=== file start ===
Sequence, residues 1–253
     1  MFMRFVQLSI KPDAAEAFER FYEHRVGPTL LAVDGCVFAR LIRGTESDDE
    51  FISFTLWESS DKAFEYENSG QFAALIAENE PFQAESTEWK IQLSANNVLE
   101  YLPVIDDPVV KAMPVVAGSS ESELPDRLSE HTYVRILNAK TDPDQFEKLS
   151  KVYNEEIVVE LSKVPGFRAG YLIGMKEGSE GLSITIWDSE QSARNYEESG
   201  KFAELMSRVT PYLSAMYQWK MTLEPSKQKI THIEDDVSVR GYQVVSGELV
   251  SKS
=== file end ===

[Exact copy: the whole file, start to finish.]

Sequence, residues 1–253
     1  MFMRFVQLSI KPDAAEAFER FYEHRVGPTL LAVDGCVFAR LIRGTESDDE
    51  FISFTLWESS DKAFEYENSG QFAALIAENE PFQAESTEWK IQLSANNVLE
   101  YLPVIDDPVV KAMPVVAGSS ESELPDRLSE HTYVRILNAK TDPDQFEKLS
   151  KVYNEEIVVE LSKVPGFRAG YLIGMKEGSE GLSITIWDSE QSARNYEESG
   201  KFAELMSRVT PYLSAMYQWK MTLEPSKQKI THIEDDVSVR GYQVVSGELV
   251  SKS